Nordea Loses Top Sell-Side Bankers as Cuts Start Hitting Morale
(Bloomberg) -- Nordea Bank AB has recently lost a number of its top sell-side bankers amid complaints that management’s focus on cutting 6,000 jobs is hurting morale in key parts of the business.
Examples of recent departures include the head of fixed income at Nordea Markets, Torben Pedersen. He’s in the process of starting his own hedge fund with Erik Bo Hansen, who used to be Nordea’s head of global trading at its fixed-income, currencies and commodities unit. The chief sales manager at Nordea Markets, Bjarne Hammeken, left to work for the Danish fund HP Fondsmaeglerselskab. Jan Erik Nilsen, who used to be the head of fixed-income sales at Nordea Markets in Oslo, left for a similar role at SEB AB, a competing Swedish bank.
Nordea’s own figures suggest that about 2,650 full-time employees have left the bank since the end of September last year. The job cuts were announced in October (of the 6,000 targeted, two-thirds are full-time employees). The bank currently has about 29,300 people working for it.
Erik Nordenskjold, who until this month was an investment strategist at Nordea in Stockholm, said highly experienced people are leaving because of the “stress” caused by the focus on retrenching.
“It creates an incredible unease in the organization, where the positioning of the managers prevails over the business skills,” he said in an email. “The individuals that care about the clients get no room to be heard, therefore they quit.”
Nordea says it’s doing what it can to ensure employees aren’t unsettled by the prospect of mass job cuts. Christian Steffensen, head of communications at Nordea in Oslo, says the bank is “on target” with the reductions, though he declined to elaborate.
“Transformation is always demanding, and it’s affecting many people in the organization,” he said. “We’re eager to make sure we look after those people affected and have, among other initiatives, created a unit, Job Mobility, that will support employees in identifying opportunities, both outside and inside Nordea.”
Chief Executive Officer Casper von Koskull has said the goal is to become a more efficient bank that relies less on humans and more on automation. Second-quarter results were the first indication that his vision is bearing fruit, as costs fell, profits rose and the bank’s shares enjoyed a rare bump in connection with earnings.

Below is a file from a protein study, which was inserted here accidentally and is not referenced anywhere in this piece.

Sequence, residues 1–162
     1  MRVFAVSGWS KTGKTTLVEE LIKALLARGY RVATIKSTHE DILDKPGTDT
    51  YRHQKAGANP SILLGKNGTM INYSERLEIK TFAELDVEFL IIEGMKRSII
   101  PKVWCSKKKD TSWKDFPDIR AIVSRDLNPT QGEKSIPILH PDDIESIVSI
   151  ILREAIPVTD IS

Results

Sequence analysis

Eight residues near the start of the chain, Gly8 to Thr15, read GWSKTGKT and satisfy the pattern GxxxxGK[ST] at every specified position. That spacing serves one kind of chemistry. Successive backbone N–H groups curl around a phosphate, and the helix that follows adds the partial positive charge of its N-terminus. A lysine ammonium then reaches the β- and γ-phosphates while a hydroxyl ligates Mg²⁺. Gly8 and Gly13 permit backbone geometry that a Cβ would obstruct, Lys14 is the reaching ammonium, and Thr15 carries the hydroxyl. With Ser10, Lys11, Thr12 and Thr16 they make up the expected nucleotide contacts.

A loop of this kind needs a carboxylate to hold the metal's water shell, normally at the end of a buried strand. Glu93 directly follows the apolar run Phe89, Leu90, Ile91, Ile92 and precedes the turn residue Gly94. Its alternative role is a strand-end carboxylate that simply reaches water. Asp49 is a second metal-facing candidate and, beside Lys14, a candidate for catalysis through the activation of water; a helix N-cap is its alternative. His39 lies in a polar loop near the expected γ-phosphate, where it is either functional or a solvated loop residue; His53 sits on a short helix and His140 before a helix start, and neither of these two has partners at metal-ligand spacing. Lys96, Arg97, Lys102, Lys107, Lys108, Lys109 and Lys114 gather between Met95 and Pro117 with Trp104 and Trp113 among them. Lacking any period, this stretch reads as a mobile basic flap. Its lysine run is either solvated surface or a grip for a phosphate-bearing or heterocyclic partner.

To be sure, the picture appears to be different on the buy-side. Earlier this year, the head of Nordea’s wealth management unit, Snorre Storset, said he’s still hiring after adding about 75 people in a year.
Steffensen says it’s “difficult to provide good net figures for Wealth and Asset Management,” in part because Nordea sold units in Luxembourg and Denmark. “In general, we can say that Nordea has big ambitions in Asset Management, and that we’re also hiring in this area,” he said.
Most research analysts covering the bank seem to approve of what it’s doing. Of the 29 Nordea analysts who provide their ratings to Bloomberg, only four are advising clients to sell. Shares at Nordea have fallen considerably less than the Bloomberg index of European financials this year.
But behind Nordea’s outperformance is a growing sense of unease among many employees, according to Nordenskjold.
“The cuts are made rather perfunctorily and probably contribute to younger individuals leaving before they are fired in the next reorganization,” Nordenskjold said. “Automation is the new hot thing and everyone with career ambitions must work with it.”
Other bankers to have left Nordea include Nikolaj Lynge, who was head of corporate FXMM sales at Nordea Markets. Gaute Marius Langeland, who used to run research at the markets unit in Oslo, has moved to a job at Norway’s sovereign wealth fund.
In Finland, where Nordea is moving its headquarters in October, the former deputy head of personal banking, Riikka Laine-Tolonen, has moved to Danske to lead its retail operations in the country. Mikko Ayub is leaving Nordea’s commercial and business banking unit to join Aktia Bank Oyj as its CEO.
Finland’s financial regulator said last week it hired Sari Lindqvist from Nordea to head its off-site supervision of banks (excluding Nordea).
Meanwhile, the Finnish FSA has been building up its staff precisely in order to help it supervise Nordea, which will be one of only eight global systemically important banks in the euro zone once it moves to the Finnish capital from Stockholm.
The regulator “can’t hire Nordea staff to supervise Nordea,” according to Jyri Helenius, head of banking supervision at the Helsinki-based FSA. Of roughly 30 vacancies, “most” have been filled, he said by phone.
“We are going to be supervising a very interesting bank,” he said of Nordea.
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